Our Cruise this weekend became a short, one-night, venture and started at the Moe BP service station, with just two happy travellers. This Cruise was going to be a simple overnight trip to reconnoitre some tracks around the Walhalla area, so we weren’t working to any set plan. However, we did want to check out a hut that we’d never been to before, was marked on one paper map only and which appeared to be somewhat unknown. I’ve written about this hut previously, but this Cruise was the first time that we’d been there and it took a bit of hunting to find, being well off the track and the entry (or entries) very poorly defined at the time.
The first part of our Cruise took us to the Thomson Dam and then to Trigg Track, which was still closed, so we followed North East Track to Army Track, had a look around Lloyds and Store Point huts and then proceeded up Middle Star Track. Lloyds Hut was much as I vaguely remembered it from years ago, but it must have been pretty salubrious when it was first cobbled together. The fact that it had hot running water available must make it very popular and that it offers a reasonably nice outdoor area just adds to the comforts. Little wonder that this hut is always sought after and generally taken unless you get in very early. If you look carefully at the first and second photographs, you’ll see a pipe running off to the right of the hut, which goes to what is effectively a wood fired choofa.
Store Point hut on the other hand has been in a very poor state of repair for many years and, on our visit, it was seeing some major rebuilding. The transformation was just the beginning of what came later, but even so, the changes were quite dramatic. We couldn’t figure out what the metal framework was going to be, but later discovered that it was a new-fangled, metal, long drop, as I wrote about in another story. While both huts and the area are OK, It’s not really a place where I’d want to camp, especially during summer and long weekends. The traffic that goes through here would drive me nuts, especially the endless clamour of trail bikes.
From Store Point Hut we went back to Middle Star Track (though my paper map calls it Willoughby Spur Track) to Toomstar Track, (I’d love to know where these names originated) finally emerging onto Mt Useful Spur Road (just above McEvoys Track) or South Road as it’s named on another map. We followed Mt Useful Spur Road/South Road until we reached S16 Track where we started to look for this elusive, unnamed (at the time) hut. The hut was marked as not being far along the track, but if any entrances existed, they were nigh on impossible to spot. Taking a chance on what looked like a very old and unused path (which it was), my fellow traveller went for a look and within a few moments called out that this was it.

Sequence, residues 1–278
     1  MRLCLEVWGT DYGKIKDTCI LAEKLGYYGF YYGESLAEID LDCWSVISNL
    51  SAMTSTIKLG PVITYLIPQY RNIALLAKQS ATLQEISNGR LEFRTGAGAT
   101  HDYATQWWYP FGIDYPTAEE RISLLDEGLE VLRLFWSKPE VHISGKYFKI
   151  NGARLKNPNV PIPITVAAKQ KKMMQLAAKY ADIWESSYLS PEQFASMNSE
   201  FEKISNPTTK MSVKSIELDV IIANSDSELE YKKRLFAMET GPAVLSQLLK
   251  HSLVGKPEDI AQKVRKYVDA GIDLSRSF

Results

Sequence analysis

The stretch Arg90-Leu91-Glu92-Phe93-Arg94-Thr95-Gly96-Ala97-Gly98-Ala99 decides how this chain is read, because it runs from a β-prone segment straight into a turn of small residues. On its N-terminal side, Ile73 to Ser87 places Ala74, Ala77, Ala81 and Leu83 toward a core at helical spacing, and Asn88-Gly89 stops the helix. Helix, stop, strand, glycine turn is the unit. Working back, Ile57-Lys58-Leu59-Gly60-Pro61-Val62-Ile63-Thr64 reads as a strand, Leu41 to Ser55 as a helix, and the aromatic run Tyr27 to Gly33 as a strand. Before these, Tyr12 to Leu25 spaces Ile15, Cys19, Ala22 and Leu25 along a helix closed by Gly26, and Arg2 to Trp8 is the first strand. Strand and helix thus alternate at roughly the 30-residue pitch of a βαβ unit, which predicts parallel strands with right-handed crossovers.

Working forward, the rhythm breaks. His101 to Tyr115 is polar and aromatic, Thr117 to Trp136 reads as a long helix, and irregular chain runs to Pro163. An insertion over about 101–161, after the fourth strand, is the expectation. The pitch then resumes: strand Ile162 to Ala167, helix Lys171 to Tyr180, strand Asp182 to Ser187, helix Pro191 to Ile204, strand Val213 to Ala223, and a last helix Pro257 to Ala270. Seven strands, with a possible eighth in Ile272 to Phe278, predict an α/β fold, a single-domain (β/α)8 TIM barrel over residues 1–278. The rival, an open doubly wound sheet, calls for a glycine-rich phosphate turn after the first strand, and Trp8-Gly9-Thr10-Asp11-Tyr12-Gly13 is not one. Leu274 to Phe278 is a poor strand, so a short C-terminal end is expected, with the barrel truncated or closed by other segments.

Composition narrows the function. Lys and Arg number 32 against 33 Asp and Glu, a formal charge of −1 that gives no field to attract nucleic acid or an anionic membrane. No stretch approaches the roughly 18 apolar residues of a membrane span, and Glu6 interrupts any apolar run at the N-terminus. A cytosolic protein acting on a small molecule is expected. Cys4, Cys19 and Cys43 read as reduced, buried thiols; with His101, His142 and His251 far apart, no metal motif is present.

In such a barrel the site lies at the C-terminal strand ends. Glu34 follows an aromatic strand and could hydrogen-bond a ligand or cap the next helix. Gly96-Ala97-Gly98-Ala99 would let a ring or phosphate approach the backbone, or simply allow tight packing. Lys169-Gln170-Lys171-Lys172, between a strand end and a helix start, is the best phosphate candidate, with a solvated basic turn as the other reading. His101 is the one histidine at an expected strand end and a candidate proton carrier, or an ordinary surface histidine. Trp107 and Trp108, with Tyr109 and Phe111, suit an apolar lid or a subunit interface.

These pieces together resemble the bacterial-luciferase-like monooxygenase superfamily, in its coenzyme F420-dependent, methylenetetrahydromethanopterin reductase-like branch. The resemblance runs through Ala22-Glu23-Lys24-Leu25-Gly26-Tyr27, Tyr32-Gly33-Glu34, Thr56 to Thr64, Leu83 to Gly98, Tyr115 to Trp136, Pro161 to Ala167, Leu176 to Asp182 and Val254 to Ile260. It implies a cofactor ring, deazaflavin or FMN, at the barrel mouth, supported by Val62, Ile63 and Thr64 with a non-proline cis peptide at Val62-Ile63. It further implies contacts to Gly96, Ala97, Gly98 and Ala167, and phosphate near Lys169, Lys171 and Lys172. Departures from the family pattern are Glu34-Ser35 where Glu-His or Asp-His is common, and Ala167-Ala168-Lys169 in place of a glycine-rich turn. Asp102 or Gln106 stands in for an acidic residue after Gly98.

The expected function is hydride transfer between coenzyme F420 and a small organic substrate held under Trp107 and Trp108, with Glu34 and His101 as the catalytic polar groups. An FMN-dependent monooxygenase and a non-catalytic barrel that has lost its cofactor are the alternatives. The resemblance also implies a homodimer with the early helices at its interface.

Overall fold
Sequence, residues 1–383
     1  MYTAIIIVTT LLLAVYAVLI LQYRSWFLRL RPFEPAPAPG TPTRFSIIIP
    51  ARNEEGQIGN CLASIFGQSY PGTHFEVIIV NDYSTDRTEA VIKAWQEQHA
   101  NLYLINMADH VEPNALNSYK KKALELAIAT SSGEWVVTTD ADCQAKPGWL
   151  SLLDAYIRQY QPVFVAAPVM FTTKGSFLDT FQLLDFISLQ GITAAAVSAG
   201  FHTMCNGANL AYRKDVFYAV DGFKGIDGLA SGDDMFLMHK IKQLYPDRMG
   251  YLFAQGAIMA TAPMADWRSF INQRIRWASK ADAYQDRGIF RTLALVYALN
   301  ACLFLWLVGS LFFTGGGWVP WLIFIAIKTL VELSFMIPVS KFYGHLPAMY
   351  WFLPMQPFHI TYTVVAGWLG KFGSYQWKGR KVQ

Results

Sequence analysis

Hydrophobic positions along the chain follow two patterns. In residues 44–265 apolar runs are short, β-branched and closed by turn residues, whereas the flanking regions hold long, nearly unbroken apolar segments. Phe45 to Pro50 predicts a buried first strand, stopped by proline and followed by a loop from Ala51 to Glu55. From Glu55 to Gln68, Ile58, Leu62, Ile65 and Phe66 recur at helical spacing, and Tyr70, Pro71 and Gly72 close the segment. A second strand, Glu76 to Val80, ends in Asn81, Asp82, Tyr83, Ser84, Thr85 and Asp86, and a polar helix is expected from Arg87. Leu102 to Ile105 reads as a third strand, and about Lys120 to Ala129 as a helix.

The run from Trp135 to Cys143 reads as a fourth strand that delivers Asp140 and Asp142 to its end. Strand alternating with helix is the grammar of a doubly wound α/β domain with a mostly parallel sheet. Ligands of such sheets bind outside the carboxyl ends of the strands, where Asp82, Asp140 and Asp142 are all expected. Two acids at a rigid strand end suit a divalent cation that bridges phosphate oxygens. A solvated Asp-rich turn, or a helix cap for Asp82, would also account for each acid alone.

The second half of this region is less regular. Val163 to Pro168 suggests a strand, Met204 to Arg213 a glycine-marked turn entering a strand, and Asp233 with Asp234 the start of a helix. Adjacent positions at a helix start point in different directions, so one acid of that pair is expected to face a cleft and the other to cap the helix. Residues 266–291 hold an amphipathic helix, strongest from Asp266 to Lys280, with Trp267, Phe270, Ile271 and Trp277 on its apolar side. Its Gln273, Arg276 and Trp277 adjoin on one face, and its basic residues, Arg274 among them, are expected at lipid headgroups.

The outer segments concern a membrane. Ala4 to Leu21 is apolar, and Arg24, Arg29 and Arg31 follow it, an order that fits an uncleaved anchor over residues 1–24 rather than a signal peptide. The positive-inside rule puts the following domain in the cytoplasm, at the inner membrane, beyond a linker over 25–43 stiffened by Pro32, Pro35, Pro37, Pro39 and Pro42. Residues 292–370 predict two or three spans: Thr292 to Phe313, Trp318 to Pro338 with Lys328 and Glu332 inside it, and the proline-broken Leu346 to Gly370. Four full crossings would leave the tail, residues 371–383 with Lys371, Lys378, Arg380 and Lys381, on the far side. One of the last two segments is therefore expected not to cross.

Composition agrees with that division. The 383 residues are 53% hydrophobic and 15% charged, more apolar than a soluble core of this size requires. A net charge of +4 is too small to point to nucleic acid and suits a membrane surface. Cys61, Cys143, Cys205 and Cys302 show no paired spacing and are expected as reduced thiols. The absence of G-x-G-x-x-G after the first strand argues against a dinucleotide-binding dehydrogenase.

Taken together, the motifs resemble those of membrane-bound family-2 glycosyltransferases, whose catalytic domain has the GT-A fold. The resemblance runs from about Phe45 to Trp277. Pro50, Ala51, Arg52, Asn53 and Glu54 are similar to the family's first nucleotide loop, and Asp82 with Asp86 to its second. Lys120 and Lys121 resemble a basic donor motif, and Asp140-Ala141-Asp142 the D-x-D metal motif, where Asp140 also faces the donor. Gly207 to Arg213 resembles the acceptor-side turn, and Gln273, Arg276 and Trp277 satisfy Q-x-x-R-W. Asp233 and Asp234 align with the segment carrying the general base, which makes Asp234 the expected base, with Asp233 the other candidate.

Looking from the track, there was absolutely no indication that anything existed here and I think that has always been the intent, but once you come in, the site opens up into a very large clearing. While the hut looks absolutely ramshackle from the outside, being constructed from remnants of just about any manner of building material, inside it’s quite inviting and cosy. Jacksons Hut has given us welcoming shelter on many an occasion and so appearances can be deceiving. As I’ve mentioned before, the surrounds are the only disappointing thing about the hut, as it’s simply littered with all manner of rubbish that previous users should have taken out, rather than just leaving behind. This is one thing that I will never understand about those who come to the High Country, why treat it like a rubbish tip? I’m certain that those that do so will be the first to wail and moan on 4WD forums when things are removed or locked up.
The next day we continued down S16 Track to Mt Selma Track, McGuire Track and then Spud Spur Track onto the Walhalla Road. From there we followed Walhalla Road until we reached Dream Creek Track, which took us to One Speck Track and eventually onto Binns Road to Walhalla. We were planning to do more, but I’d developed a rather unpleasant exhaust noise somewhere around the turbo and thought it better to call it a day. It was somewhat annoying, as it was before midday and we could have done a fair bit more driving and exploring before calling it a day.
Anyway, we rolled into Walhalla, had a brief stop to make some adjustments to the Jeep’s soft top, as this trip was also a test of the Jeep’s soft top performance and sealing. From Walhalla we took our separate ways back to the freeway and home. Once back home, I dived into the engine bay to figure out what was causing the noise. As it turned out, what had happened is that the nuts securing the dump pipe to the turbo had come loose and the gap was what caused a pretty awful noise. It took all of five minutes to fix (once the heat shield was removed) and was something that I could have done in the bush had I been able to see what was amiss. But sometimes it’s just better off going home, rather than attempting bush mechanics when it’s not essential.